The curious mind of Sohel Rana has led him to try his hand at growing the purple passion fruit at Rupgram village of Nagaon’s Sapahar upazila.
The thirty-six-year old is well-known in the village as an educated, successful farmer. He first began farming in 2015, after he quit his job as an online journalist in Dhaka.
He currently has three orchards -- one spanning 16 bighas, another seven bighas and the largest that is 60 bighas -- where he grows local and foreign fruits.
He recently planted the sapling of a purple passion fruit, and the vine is already bearing more than 200 fruits. The fruit will be ready to harvest in a couple of months, hopes Rana, who completed his masters in statistics from Rajshahi University in 2009.
“I am passionate about growing unique and uncommon fruits. I want to introduce new farming methods to our local farmers,” he said, when this correspondent visited Rupgram Agro-Farm on April 26. “At this moment, I am growing 12 new types of fruits, including the purple passion fruit.”
Rana got two purple passion fruit saplings last year through Md Bahadur, a Bangladeshi expatriate in Italy, who brought it into the country by following due procedure. They first met on Facebook.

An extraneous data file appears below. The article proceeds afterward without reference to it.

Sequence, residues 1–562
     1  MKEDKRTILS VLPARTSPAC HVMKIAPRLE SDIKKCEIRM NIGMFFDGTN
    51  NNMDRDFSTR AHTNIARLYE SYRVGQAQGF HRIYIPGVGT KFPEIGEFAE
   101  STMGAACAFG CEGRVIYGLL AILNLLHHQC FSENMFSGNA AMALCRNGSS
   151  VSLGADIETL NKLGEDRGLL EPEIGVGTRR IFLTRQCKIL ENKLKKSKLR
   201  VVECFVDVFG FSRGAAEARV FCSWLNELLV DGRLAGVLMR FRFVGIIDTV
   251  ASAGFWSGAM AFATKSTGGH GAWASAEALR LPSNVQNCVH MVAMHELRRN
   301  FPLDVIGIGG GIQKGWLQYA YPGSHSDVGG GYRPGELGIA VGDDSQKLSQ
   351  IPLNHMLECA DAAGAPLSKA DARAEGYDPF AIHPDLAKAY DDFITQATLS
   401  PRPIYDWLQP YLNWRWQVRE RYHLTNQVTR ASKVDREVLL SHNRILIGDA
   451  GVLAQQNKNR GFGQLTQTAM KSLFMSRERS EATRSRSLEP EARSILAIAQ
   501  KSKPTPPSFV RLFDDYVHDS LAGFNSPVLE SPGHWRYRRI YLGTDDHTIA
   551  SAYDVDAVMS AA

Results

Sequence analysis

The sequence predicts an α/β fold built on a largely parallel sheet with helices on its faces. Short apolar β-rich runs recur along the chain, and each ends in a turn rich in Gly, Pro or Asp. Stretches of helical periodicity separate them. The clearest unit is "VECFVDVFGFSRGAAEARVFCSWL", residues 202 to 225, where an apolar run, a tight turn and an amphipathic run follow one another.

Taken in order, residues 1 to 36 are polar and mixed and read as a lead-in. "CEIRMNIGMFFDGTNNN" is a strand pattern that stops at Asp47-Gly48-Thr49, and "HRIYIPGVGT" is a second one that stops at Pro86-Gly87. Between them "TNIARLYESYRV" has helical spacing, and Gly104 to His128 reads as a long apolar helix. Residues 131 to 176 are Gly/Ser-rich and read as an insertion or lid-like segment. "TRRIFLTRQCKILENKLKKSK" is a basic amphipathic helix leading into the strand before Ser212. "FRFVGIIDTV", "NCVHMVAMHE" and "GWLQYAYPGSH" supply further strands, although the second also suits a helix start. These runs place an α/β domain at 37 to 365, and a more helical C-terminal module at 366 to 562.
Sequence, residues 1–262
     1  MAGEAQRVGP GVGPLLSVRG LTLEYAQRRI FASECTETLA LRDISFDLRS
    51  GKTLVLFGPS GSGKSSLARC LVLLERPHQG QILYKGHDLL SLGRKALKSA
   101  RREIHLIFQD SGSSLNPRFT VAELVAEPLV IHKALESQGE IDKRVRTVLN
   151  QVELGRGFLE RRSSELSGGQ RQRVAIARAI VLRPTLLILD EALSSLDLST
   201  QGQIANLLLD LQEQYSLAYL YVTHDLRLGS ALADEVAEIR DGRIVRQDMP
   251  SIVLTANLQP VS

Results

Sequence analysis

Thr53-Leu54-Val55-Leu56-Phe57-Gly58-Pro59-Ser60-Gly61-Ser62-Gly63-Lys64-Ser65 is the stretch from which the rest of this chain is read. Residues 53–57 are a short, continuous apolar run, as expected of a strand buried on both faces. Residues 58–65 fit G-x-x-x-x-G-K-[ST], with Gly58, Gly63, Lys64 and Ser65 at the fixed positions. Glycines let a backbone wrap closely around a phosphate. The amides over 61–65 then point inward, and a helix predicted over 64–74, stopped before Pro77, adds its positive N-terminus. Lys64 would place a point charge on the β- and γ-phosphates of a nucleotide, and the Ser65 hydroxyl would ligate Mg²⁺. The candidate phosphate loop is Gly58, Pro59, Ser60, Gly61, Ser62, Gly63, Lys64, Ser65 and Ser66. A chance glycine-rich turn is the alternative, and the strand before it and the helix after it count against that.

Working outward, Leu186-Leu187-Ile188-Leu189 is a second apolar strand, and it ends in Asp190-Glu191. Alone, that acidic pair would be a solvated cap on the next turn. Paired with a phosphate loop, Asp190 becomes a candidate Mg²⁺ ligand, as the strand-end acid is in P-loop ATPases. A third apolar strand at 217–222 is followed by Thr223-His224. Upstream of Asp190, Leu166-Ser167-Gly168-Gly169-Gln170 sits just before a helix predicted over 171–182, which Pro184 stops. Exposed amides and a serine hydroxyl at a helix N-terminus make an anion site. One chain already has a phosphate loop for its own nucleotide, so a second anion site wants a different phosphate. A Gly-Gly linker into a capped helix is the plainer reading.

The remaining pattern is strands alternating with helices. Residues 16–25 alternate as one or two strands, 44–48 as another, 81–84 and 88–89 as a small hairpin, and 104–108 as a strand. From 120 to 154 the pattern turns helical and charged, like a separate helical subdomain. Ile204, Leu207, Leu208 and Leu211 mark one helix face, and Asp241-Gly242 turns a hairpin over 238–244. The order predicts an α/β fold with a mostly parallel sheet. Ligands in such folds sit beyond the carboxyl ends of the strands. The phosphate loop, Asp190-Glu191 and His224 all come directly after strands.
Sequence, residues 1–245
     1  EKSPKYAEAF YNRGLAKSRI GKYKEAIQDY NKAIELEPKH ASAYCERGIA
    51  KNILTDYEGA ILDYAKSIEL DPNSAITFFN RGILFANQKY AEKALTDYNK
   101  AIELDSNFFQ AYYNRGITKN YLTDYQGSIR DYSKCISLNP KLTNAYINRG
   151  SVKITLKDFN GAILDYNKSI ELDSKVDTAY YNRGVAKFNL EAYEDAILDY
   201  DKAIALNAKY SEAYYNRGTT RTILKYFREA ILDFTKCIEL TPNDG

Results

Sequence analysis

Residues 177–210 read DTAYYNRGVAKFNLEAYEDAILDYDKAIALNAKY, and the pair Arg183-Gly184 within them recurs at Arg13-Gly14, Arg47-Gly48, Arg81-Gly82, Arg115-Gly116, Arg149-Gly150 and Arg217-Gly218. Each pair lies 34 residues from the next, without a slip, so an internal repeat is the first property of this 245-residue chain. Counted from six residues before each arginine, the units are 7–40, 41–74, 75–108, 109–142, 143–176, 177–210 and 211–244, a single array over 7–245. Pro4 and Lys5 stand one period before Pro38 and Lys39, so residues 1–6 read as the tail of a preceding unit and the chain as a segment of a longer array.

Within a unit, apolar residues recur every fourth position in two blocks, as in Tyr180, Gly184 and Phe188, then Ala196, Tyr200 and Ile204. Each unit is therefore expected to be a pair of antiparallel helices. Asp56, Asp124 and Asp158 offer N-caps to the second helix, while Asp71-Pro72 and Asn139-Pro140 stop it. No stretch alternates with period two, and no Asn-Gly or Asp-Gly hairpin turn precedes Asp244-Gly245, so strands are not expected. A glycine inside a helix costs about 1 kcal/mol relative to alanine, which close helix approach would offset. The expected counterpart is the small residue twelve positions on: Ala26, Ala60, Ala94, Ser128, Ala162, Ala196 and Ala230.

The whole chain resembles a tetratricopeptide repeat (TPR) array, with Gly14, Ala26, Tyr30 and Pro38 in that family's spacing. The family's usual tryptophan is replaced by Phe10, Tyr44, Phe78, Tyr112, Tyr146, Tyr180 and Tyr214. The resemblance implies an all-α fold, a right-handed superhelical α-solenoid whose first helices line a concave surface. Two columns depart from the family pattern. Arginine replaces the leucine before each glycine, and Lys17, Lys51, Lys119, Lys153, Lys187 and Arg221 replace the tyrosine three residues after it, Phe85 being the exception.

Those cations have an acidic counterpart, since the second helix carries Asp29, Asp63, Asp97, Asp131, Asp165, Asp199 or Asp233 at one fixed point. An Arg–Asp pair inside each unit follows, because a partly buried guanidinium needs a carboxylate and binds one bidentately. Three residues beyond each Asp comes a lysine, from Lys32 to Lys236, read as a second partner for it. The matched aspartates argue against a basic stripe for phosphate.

“Whenever I travel to new places in Italy, I see new varieties of fruits and wish my friends and family back in Dhaka could taste them,” Bahadur told The Daily Star over the phone.
He gave one of the saplings to M Enamul Haque, former director general of the Department of Agricultural Extension, who planted it on his rooftop garden. But it did not bear flowers yet. “The passion fruit is highly nutritious, rich in potassium, calcium, vitamins and minerals,” said Haque.
Sohel planted the other sapling in this orchard in the first week of May last year. “Its flowers bloomed in the last week of March. The vines are expected to bear fruit twice a year,” he said.
“Farmers in the country have grown the yellow passion fruit for a long time. The purple variety is new for us,” Mehedi Masood, project director of year-round fruit production for nutrition improvement project of Department of Agricultural Extension, told The Daily Star.
“I first saw the purple fruit in Vietnam. It is delicious to eat, and I am sure locals will love the taste,” he added.
The purple variety has better yield than the yellow variety.
“We are planning to graft it soon and will send to farmers across the country through our horticulture centres,” he said. Farmers can expect to benefit as they will get good market prices.